Day-0 was around 5:00 p.m. on September 6th. It’s hard to describe what its like being indoors in the cusp of a powerful tropical system like Irma. Even a video can’t come close to experiencing the sheer violence of it. The massiveness of that violence…the thousand shattering sounds, the howling winds, the water rising at your feet, and the panic you feel as a heavy gust or flying lumber cannons off your window, door or roof.
People respond differently. I tend to stay calm and keep a watchful eye, forcing myself to think. But whether it lasts for two hours or thirty I suspect everyone keeps wondering when its going to stop.
Emotional reactions after the wind and violent noises subside are different also. I tend to default to a protective mode and stay very close to my property and loved ones.
This time was no different. Chopping wood from fallen trees, dragging branches and tons of debris out to the public road, and checking on neighbors takes up all of my attention for days. I cant tell you what it’s like on those roads…didn’t venture out until day three or four..and even then, only in my own neighborhood. Yes I’m a youth-worker, but its dangerous and illegal to be out there.
Laser 101 for the 7th straight storm, became our only contact with the rest of the island and the outside world. As usual, telephone services and internet will be spotty for months.
By the end of Sep 8th, the island was already preparing for hurricane Jose. We heard scraps of news that it was a cat-4 but passing north of us..far enough not to be a major concern. But it still felt like we were in cross-hairs of nature’s crap-shoot.
There’s no foliage cover for the iguanas, and they’re all over…a welcome sight, if you ask me.
Not-so-welcome are the rats and mice with less places to hide. Something tells me they’ll become a problem as the days go by and all the neighborhoods have less refrigeration. Hundreds of instant hills of garbage will pile up, and the race between opposing armies of heavy equipment operators and garbage workers vs. the rodents will begin. stalemate wont come til mid-2018. That’s just the nature of things.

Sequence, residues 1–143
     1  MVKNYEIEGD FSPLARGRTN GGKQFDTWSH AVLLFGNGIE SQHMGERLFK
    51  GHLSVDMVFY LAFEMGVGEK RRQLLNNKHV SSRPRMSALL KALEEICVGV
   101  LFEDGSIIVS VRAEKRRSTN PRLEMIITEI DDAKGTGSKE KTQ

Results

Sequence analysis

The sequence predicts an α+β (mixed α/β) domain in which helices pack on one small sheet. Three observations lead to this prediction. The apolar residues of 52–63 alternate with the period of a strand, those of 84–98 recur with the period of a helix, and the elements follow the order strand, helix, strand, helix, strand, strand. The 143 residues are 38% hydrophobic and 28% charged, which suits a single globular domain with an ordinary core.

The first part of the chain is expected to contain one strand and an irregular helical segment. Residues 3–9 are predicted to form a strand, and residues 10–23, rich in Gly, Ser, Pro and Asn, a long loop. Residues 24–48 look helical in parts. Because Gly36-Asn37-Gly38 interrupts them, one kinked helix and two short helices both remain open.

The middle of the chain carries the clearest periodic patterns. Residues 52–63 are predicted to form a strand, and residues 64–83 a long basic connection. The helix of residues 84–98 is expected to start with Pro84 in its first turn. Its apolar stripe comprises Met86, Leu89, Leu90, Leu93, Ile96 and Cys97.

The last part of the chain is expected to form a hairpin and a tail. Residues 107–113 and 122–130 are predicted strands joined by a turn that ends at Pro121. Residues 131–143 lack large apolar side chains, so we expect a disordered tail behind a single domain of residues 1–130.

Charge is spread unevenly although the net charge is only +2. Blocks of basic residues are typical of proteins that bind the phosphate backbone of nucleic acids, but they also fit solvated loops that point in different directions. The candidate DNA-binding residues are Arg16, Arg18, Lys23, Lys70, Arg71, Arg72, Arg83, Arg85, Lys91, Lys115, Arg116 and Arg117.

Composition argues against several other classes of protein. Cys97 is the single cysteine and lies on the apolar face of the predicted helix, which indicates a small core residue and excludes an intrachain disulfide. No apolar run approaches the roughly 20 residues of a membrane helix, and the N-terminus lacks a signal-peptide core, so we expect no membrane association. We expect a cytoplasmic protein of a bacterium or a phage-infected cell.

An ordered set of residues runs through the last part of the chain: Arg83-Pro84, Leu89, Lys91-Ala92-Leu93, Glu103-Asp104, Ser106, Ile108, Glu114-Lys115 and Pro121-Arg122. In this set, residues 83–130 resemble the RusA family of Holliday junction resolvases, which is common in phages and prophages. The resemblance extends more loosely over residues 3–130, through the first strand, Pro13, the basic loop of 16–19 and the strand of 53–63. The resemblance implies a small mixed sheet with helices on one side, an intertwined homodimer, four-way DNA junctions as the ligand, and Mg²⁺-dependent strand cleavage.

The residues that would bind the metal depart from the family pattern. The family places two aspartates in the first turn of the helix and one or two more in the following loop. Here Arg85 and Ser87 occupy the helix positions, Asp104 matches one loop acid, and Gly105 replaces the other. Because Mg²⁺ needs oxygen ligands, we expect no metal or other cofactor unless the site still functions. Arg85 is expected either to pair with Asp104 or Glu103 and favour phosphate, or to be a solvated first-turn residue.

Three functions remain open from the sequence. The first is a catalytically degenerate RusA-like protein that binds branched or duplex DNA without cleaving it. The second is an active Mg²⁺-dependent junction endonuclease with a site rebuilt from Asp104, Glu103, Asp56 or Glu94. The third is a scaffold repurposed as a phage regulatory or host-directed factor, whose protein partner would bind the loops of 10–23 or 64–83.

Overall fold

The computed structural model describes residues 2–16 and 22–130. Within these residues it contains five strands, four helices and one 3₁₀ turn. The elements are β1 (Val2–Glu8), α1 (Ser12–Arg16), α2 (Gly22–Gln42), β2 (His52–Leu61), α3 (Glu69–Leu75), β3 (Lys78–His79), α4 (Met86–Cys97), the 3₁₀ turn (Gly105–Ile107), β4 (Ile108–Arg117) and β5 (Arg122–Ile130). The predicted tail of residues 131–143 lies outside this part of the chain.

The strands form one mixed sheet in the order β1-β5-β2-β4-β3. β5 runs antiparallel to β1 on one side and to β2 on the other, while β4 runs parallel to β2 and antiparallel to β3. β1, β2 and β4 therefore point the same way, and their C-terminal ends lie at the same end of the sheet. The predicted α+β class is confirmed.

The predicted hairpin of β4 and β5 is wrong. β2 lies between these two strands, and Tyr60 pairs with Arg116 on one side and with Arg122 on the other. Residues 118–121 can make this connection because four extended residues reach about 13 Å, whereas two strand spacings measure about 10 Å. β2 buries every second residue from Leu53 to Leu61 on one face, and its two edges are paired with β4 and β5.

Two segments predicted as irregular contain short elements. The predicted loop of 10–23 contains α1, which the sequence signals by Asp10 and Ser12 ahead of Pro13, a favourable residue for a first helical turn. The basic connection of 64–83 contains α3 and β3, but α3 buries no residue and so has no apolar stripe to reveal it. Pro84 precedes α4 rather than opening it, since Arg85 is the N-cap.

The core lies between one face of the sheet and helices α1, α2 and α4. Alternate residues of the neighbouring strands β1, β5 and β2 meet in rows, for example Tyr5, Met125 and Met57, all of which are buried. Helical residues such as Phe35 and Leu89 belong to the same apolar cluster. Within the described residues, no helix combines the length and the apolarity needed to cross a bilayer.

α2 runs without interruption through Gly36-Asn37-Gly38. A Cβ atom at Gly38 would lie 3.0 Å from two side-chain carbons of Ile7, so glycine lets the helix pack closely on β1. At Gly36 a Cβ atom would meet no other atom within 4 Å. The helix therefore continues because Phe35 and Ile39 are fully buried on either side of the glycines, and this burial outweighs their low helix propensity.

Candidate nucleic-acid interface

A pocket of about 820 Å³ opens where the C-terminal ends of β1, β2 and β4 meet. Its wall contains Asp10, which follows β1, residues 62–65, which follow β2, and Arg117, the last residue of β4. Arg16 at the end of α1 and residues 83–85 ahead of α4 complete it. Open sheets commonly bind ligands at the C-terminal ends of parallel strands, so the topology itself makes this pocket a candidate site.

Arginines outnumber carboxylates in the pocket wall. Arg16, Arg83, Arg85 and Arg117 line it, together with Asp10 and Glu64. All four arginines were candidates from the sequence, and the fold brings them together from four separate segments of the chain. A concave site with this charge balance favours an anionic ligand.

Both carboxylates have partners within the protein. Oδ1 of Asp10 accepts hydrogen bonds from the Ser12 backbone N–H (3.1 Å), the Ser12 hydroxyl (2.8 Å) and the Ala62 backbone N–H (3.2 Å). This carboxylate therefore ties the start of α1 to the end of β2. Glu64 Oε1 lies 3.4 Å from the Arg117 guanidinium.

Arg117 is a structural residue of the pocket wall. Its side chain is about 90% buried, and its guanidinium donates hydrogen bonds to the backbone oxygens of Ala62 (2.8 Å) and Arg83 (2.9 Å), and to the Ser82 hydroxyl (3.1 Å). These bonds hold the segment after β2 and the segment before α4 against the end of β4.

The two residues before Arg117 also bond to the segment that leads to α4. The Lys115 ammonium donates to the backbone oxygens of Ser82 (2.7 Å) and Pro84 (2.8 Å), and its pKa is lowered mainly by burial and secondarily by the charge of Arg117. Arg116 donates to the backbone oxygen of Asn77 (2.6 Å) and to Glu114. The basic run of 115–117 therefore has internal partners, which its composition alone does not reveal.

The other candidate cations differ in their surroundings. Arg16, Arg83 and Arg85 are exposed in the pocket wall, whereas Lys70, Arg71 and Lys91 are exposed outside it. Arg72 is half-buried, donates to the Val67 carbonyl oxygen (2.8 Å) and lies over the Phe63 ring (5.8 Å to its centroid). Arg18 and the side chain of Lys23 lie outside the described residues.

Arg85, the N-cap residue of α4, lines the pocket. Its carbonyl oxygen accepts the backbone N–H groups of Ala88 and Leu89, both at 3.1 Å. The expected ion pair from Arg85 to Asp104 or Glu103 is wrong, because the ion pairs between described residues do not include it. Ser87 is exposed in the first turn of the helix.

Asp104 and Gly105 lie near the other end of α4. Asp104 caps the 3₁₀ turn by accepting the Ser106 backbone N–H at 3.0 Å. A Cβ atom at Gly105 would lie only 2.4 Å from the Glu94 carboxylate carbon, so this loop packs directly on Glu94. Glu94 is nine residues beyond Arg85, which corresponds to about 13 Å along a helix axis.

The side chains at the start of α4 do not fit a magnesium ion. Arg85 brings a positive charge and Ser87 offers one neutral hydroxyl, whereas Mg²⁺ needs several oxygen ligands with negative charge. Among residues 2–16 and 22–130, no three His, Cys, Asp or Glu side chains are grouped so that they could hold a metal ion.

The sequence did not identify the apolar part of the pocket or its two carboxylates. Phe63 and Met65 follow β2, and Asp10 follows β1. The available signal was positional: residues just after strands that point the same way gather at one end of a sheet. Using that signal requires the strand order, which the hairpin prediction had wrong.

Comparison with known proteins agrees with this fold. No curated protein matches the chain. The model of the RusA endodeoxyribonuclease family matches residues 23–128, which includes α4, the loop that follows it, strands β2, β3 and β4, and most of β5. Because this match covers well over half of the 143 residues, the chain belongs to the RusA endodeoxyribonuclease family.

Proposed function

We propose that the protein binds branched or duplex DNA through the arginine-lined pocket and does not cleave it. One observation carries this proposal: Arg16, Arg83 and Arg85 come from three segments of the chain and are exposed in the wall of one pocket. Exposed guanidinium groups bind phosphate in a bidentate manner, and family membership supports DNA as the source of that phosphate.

Listening to the radio and waiting for Jose, so I’m not working much.
At 8:57 p.m. a cool breeze calms our fears. There was a little rain during the day.. not much.
Lots of news and gossip on the radio. The U.S. airlifts its citizens back home. GEBE’s water-storage capacity down by 50% as its buildings and equipment sustained major hits. Irma totally obliterated the Yellow building, a steel frame and galvanized shell. It’s now flattened to a heap of shrapnel. Seems like if you had galvanized roofing there’s a 50-50 chance you lost it…especially if it wasn’t reinforced since the last storm.
Things are starting to feel just a little desperate even for me..a guy who’s Mom was dragging him around as a 17-month toddler in a storm that took hundreds of lives in 1961.
Meat-stuff from the fridge all thawed out and half-cooked. Another day or so and there will be none left. Luckily there’s still oranges, limes and apples holding out. Onions, carrots and garlic wont be a problem either. All the other fresh produce are starting to attract flies. Even flour is running low. If we cant get out to hustle or buy something we’ll be in pure survival mode soon.
Survival mode means canned goods. They’re there in the back of the pantry. It’s a last resort.
Somehow though, just like after Carmen, Fifi, Greta, Lenny or Luis, or so many other storms over the years, it still just takes me back to joyous camping days at Gales Point, Manatee. No water nor electricity, and a whole lot of cooking and baking from scratch…baked johnny cakes, creole bread, plantain or banana in ten different ways, fish we caught with our own hands in coconut milk 15 minutes later…oh my!
Modern-day living spawns words like paleo, organic, and vegan. For many a Caribbean folk, a lot of that stuff is simply old-hat and normal. Sure. the house is way hotter and there isn’t the incessant Belize breeze from the Caribbean basin trade winds. But the rest feels familiar, and surprisingly peaceful.
There’s kids playing in the street behind my house in the dusk hours. I’m hoping enough of them gather for me to go start a game of “rounds” or “red-light, green-light.” Here’s my chance to compete–and win–against those 4-inch screens.
Note: Uploading this post from a phone with a scant internet connection doesn’t allow media files. I’ll load them first chance I get. Come back later and take a look.
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